Mahdi said the Ahmadiyya community has rejected terrorism since its founding. As explained in the brochure, the founder taught the Ahmadi to reject a "jihad by the sword" and replace it with a non-violent "jihad of the pen."
Even as they espouse peace and non-violence, the Ahmadiyya face persecution, in countries such as Indonesia, Bangladesh and Pakistan. The May bombings of two of the community's mosques in Lahore, Pakistan claimed 86 lives. The Pakistani government denied humanitarian assistance to 500 Ahmadiyya families that were victims of the recent devastating flooding, according to the Human Rights Commission of Pakistan. Most recently, a Philadelphia man was gunned down in mid-August in his native Pakistan, the second Ahmadi killed that week.
Here in the United States, the community faces some hostility from mainstream Muslim sects, according to Mahdi. And the group also faces the larger conflicted view of Islam in America. According to an ABC News/Washington Post poll, nearly 50 percent of Americans view Islam unfavorably. In addition, 55 percent lack a basic understanding of the religion and half do not personally know anyone who is a Muslim.
The Ahmadi faithful believe it is the responsibility of Muslims to change the negative perceptions of their faith. Dr. Waseem Sayed, a spokesperson for the community, also stressed that following the law of the land is a religious duty.
"We say Islam requires living according to the law of where you live," said Sayed. "In Islam, there is no conflict between 'Are you a Muslim?' and 'Are you an American?'"
What follows is a separation of mosque and state. Without offering comment on where the Park51 community center should be located, Sayed said it is a civic issue.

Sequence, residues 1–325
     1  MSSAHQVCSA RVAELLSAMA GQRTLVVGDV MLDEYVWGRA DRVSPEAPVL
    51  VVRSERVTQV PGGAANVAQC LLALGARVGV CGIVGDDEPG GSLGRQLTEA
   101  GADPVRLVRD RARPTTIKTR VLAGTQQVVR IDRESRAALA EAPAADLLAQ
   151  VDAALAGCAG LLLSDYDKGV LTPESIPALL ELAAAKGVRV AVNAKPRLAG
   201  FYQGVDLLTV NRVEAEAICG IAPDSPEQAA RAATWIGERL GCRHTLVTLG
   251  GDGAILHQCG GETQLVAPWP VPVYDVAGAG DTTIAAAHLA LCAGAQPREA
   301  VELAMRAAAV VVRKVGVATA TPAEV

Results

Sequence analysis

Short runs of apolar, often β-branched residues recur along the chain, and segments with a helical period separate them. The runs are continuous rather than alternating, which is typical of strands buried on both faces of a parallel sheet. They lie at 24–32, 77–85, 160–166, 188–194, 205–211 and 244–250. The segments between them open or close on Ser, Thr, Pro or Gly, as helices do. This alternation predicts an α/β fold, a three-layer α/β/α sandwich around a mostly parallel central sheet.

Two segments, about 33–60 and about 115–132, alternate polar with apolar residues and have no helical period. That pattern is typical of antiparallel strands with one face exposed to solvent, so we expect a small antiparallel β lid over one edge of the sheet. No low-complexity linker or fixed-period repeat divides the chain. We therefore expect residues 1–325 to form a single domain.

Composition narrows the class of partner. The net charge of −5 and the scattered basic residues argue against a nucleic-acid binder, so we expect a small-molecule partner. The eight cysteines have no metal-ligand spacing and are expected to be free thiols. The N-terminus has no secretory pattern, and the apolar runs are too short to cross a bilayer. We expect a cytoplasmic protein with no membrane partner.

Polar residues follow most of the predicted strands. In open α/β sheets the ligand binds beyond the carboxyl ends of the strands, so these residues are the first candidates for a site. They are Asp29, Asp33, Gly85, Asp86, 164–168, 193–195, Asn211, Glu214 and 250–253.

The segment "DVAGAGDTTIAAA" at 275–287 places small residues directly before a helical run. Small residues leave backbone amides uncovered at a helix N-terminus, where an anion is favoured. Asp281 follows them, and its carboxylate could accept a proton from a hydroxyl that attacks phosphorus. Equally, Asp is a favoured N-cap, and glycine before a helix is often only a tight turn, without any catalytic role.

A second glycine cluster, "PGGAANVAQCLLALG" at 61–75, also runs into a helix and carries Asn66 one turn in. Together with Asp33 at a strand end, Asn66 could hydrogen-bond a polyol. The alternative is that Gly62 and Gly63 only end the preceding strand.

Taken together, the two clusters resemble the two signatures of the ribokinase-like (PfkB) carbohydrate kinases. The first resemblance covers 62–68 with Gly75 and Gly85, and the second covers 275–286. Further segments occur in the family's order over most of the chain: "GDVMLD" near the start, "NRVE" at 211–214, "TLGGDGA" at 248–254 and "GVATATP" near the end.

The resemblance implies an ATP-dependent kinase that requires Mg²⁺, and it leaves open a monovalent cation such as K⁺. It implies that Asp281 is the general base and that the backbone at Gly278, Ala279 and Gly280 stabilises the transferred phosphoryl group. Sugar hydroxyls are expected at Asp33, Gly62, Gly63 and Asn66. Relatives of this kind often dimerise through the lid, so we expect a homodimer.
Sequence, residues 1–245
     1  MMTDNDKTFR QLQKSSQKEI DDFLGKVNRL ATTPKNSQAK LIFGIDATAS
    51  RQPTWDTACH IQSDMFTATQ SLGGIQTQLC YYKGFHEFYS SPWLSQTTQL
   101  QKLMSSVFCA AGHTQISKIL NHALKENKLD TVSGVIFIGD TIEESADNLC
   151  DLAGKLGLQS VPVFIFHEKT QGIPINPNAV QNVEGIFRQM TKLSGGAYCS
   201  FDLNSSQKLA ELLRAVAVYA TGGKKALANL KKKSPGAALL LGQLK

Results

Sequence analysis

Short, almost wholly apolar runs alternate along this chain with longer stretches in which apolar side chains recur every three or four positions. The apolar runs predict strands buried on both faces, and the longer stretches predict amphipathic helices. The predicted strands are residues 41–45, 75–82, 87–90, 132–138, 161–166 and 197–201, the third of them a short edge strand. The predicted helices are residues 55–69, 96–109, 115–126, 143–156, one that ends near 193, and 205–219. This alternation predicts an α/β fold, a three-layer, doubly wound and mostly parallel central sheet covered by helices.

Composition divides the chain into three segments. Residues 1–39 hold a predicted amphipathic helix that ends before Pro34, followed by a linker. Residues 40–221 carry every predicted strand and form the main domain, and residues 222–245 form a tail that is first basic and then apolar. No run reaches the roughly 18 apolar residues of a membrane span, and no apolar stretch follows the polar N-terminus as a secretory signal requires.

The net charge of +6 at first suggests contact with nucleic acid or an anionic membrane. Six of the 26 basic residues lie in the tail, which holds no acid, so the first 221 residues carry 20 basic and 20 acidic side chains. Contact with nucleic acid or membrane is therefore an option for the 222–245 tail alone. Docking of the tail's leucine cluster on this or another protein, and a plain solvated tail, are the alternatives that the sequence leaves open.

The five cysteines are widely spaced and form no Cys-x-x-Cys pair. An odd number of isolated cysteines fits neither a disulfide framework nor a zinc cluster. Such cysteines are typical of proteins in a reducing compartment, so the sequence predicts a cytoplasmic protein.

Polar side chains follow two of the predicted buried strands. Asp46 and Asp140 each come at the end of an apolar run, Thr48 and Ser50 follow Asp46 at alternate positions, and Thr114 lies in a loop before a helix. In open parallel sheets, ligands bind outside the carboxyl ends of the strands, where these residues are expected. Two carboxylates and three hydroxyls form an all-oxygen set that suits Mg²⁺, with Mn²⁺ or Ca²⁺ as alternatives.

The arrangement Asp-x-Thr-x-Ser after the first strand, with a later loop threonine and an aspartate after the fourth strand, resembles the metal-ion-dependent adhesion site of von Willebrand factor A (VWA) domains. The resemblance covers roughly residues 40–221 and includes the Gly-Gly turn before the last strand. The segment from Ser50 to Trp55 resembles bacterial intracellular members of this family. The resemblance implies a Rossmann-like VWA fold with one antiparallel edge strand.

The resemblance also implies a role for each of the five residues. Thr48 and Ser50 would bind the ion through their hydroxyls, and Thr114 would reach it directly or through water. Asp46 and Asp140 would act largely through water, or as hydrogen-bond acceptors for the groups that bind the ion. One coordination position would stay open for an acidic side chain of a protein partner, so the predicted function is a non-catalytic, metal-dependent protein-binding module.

"This is not about the right of a religious group to build a place of worship," said Sayed. "In Islam, there is a stress on the rights of your neighbor. You have to take into account the thoughts of your neighbors."
Winning people over to an understanding of their faith is what Ahmadiyya community members hope to achieve through their door-to-door campaign. Their plan is to reach 2 percent of the U.S. population every year through the "Muslims for Peace" brochures and interfaith meetings in local communities. A print run of the brochures just delivered another 250,000 copies each in English and Spanish to the group's 70 local chapters.
After Bhatti's experience distributing brochures in Times Square and to his law school classmates and professors, he and his friends are discussing the next location, perhaps at a busy weekend flea market.
"Jihad is not about killing others," said Bhatti, as he echoed the words of his faith's founder. "You have to be able to talk intellectually with everybody and win over their hearts."